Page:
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Contact: Fire Information Hotline, (520) 733-5150
Tucson, AZ – The Deer Head Fire remains at approximately 1,097 acres and is 55% contained.
The fire's eastern flank remains active, and firefighters continue to direct the fire's spread away from sensitive resources such as the historic Manning Camp. The park's strategy is to keep the fire east of Heartbreak Ridge.
On Sunday, firefighters began rehabilitating trails and fire lines within previously burned areas of the fire, which are no longer active, and continued to monitor the fire's behavior, to ensure that the fire remained in an area where they could safely manage it. Firefighters continue to manage the fire for multiple objectives, and will take action, as needed. This low to moderate intensity surface fire is benefitting a fire-adapted ecosystem by clearing the forest floor of brush, grass, and ponderosa pine and oak litter, improving wildlife habitat and reducing hazardous fuel loads.
Park staff have been able to observe differences in Deer Head Fire behavior as the fire has progressed through previously burned areas. The Deer Head Fire burned itself out within a few hours when it reached the 2010 Mica prescribed fire area, due to the reduced fuel load. The Deer Head Fire did not spread after four days once it had burned into the 2004 Devil's Bathtub prescribed fire area, and burned itself out when it ran out of fuel. The Deer Head Fire continues to burn in the 1994 Rincon Wildfire area, where plants have had a longer time to regenerate and grow, and fuel loads are higher.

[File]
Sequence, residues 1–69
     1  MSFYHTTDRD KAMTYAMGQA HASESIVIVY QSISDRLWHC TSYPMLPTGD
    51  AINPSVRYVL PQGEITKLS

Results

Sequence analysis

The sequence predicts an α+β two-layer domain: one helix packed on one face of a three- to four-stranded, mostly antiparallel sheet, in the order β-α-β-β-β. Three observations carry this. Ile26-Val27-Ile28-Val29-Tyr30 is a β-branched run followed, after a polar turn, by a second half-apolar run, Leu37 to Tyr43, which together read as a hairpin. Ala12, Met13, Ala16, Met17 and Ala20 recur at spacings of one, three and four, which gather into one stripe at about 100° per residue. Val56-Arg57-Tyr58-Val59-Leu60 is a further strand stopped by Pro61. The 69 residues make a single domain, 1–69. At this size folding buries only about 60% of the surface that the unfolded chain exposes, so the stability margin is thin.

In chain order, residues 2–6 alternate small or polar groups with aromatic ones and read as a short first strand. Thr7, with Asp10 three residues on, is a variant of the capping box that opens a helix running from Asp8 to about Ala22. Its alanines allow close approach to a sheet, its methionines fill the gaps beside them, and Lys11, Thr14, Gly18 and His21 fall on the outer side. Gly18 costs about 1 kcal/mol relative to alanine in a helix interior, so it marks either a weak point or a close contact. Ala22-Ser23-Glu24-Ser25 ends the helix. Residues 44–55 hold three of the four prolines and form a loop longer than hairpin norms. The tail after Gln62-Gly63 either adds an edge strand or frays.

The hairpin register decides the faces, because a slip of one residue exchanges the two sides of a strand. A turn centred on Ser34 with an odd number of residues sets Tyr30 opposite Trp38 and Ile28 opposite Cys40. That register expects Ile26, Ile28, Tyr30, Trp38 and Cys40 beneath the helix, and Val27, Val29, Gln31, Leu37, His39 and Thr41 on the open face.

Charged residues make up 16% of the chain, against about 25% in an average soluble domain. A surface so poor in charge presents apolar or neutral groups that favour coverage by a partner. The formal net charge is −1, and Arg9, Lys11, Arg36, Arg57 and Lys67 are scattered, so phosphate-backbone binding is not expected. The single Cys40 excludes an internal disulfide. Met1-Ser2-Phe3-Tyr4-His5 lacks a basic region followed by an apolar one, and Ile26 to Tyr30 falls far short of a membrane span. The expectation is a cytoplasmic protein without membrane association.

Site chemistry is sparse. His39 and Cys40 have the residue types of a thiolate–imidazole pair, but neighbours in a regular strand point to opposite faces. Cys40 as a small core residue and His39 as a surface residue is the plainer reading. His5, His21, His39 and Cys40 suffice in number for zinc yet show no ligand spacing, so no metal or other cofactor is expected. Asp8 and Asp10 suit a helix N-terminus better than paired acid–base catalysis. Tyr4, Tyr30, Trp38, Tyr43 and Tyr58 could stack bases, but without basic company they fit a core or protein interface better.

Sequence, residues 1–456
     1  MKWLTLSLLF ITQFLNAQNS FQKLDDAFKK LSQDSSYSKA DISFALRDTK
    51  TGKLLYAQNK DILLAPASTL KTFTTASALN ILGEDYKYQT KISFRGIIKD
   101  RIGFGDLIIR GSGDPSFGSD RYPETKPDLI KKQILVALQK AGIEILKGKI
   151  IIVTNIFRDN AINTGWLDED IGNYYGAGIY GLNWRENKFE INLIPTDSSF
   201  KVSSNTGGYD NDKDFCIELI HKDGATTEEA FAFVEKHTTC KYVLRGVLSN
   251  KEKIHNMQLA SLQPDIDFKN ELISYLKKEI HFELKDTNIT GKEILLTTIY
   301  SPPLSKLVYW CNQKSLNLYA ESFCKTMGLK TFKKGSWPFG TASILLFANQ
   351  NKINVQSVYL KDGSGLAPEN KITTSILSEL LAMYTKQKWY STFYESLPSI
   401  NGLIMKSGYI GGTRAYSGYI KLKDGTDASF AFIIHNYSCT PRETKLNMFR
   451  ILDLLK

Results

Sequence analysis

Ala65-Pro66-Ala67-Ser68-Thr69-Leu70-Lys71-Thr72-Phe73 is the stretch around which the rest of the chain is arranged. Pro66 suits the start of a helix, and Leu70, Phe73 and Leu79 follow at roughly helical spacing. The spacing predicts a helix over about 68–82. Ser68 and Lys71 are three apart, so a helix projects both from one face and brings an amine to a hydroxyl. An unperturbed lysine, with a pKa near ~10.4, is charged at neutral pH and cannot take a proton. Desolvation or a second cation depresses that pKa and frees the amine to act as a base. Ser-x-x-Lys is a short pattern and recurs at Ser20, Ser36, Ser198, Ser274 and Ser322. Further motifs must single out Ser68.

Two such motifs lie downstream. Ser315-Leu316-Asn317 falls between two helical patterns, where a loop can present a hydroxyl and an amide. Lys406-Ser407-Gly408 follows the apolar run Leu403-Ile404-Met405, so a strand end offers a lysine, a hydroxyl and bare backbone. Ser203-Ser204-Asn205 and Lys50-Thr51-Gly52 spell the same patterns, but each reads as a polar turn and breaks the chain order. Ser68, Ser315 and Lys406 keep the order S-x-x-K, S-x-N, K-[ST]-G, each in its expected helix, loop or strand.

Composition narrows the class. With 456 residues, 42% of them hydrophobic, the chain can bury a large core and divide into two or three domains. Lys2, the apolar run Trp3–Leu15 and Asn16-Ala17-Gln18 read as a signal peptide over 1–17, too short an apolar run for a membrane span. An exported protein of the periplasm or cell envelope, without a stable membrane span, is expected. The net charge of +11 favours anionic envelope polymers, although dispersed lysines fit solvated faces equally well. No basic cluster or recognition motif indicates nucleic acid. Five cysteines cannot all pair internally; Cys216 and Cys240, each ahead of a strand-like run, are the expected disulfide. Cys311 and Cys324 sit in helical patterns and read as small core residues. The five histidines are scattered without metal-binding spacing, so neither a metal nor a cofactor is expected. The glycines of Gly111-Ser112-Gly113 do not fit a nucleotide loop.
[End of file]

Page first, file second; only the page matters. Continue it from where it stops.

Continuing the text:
Increasing moisture and humidity have slowed the fire's progression in recent days and similar conditions are expected to persist throughout the week. The fire area received 0.09" of precipitation . The weather forecast is for isolated to scattered afternoon and evening thunderstorms this week, with 30% chance of precipitation , increasing to 40% night and 60% .
The lightning-caused fire is located in the federally-designated Wilderness area of the Rincon Mountain District of Saguaro National Park. Lightning-ignited fires are important in maintaining healthy forests in the mountains of southern Arizona. Fire historically burned through the high elevation ponderosa pine forests of southeastern Arizona every few years.
All Rincon Mountain District backcountry closures will remain in effect for the duration of the Deer Head Fire to ensure public safety.